Medical schools train physicians to be on the outlook for the body’s signals of disease. Because missing these traces can be dangerous this responsibility is taken deadly seriously.
Medical students and residents present their patients to more senior physicians. These presentations are formal and structured consisting of chief complaint, subjective history of the illness, findings of the examination, review of laboratory findings, a discussion of the differential diagnosis and a plan. This format is varied rarely and at the learner’s peril.
Constantly in the mind of both the student and the senior physician is the possibility of a life threatening condition. If such a condition is only a distant possibility the patient is still likely to be examined, tested and often even treated for this rarity.
This attitude of constant vigilance for “bad” things can have an unintended influence on physician’s behavior. Acting always out of worry of bad things can lead to reliance on expensive testing and an emerging world view that the physician’s job is to be a sentinel for what “pathogen” lies around the next dark corner. Sometimes bravado emerges in an attempt to tame this beast. This may not be the best response for either the physician or the patient but balance in the middle of this muddle is not easy.
In this morning’s newspaper is a story about the efforts of different research teams looking for the sources of happiness in people’s lives and more importantly, having found them, what can be done to multiply them. One technique being explored is this: at the end of the day, look back on three things that brought you happiness. Explore the origins of those events. Take note and be grateful. Do this every evening. By concentrating on good things, by exploring their origins, they prosper.
Do you think that physicians’ constant vigilance of bad things, exploring their origins and concentrating on their possibilities encourages them? I think they need not. One of my favorite physicians, Dr. Campbell McMillan, was a pediatric oncologist before he retired and he has a marvelous, infectious joy of life. He was gentle and loving when he needed to be, especially when breaking bad news. He was funny and accepting almost all of the rest of the time. I don’t think he had any illusions that he was going to ever rid the world of childhood cancer but he took thousands of small steps to help many individual children rid themselves of their own.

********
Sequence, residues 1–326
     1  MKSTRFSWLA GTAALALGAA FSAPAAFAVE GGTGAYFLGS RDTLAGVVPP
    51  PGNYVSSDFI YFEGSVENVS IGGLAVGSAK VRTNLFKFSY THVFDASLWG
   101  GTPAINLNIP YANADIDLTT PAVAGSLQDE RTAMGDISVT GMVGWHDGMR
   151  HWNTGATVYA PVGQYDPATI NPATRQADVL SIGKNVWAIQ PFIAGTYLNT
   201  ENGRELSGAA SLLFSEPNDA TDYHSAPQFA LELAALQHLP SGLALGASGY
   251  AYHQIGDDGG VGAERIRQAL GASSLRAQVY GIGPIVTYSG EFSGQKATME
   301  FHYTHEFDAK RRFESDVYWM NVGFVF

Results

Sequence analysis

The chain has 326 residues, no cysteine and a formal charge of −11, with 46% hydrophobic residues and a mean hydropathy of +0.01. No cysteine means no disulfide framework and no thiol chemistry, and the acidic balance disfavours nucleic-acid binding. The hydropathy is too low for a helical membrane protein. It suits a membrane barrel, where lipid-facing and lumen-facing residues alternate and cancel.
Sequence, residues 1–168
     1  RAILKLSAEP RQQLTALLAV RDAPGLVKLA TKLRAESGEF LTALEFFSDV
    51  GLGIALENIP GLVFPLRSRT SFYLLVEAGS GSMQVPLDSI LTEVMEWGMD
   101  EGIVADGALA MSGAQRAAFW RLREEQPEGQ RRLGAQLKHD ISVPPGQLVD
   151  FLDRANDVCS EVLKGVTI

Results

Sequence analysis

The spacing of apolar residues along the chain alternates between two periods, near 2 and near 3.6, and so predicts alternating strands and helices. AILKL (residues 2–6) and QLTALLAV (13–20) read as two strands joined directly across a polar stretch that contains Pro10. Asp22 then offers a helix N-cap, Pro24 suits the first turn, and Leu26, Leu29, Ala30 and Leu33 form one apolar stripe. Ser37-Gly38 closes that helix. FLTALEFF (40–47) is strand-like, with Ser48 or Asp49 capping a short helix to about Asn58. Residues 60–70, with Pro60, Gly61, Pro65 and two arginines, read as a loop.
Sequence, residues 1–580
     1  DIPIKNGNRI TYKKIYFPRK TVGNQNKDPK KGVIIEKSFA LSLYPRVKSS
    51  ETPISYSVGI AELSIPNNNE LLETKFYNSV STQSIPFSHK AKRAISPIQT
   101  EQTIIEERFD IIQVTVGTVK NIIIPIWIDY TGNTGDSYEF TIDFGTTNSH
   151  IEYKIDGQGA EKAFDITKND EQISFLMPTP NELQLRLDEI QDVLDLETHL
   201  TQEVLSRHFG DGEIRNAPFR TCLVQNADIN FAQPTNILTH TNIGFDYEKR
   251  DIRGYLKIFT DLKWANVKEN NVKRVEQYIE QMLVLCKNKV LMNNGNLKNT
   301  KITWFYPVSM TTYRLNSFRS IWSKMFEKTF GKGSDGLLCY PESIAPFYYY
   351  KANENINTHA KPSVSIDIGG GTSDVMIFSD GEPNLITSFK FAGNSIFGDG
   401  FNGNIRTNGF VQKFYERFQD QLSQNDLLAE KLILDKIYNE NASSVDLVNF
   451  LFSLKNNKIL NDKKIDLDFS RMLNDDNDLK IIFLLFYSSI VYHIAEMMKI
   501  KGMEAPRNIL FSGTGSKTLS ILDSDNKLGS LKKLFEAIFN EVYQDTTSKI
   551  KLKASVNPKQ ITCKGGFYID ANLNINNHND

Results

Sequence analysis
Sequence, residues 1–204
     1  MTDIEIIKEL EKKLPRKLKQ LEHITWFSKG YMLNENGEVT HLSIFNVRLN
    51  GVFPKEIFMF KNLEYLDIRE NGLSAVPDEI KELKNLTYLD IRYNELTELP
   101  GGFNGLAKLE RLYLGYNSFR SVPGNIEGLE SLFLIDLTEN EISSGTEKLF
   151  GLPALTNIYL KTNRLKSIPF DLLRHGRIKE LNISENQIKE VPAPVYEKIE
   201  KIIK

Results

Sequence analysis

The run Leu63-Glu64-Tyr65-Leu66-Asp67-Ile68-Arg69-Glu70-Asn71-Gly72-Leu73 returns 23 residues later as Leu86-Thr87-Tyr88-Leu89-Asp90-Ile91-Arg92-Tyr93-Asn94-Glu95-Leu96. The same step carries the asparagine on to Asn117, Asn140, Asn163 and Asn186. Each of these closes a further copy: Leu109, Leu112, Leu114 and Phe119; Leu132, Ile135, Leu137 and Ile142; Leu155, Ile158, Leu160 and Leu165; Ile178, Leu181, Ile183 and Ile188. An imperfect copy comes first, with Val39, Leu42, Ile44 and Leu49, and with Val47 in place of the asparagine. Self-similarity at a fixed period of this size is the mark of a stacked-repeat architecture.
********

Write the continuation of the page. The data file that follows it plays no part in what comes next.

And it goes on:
We can’t go through each day looking for signals of illness. This kind of behavior must lead to illness. We might benefit from going through each day looking for signposts for happiness. What would happen if in concentrating on what brings us joy we miss the signs of something bad?
Recently I’ve had the fortunate opportunity to discover this. Within just the past few months I’ve had two unrelated patients come to me with undiagnosed advanced cancer. They were both older. They had both had lives of unusual but simple joy. Neither was rich or even well-off financially. They both had grandchildren who brought them deep satisfactions. Perhaps of relevance, they both practiced yoga. They both had come to suspect, over time and with a dawning awareness, that something was deeply wrong within their bodies. I think they both had chosen not to pay too much attention to these signs.
In both cases, arriving at the diagnosis did not require expensive testing. In both cases when I shared my understanding of what was going on, both of these individuals accepted the news with grace and appreciation! They were relieved to have their suspicions confirmed so that the uncertainty was no longer a factor. They did not have to fear the unknown now. In both instances we discussed at some length the possible advantages of getting more information from more testing. In both instances they did not care to spend their own time or resources exploring that path. They both felt they had better ways to spend their time. They both left my office by giving me a warm and lingering embrace. I’m quite sure they both left to find ways to be happy.
My own cancer came in a period of my life when I was profoundly unhappy. I often wonder if the worry caused my cancer or I simply discovered it earlier because I was sad, afraid and looking into dark corners. There is a chance my cancer still is in me. I get tested annually now since it has been 8 years. When it is near the time for my test I worry. I notice body pains everywhere. I slip into bravado when the nurse draws the blood. I wish I had more serenity at these times.
For Christmas I’ve decided to give myself these presents. I’m going to look for gifts in three moments of every day and hope that my joy expands and fills dark corners. And oh yes, if there is bad news, I hope to accept it as graciously as those two patients.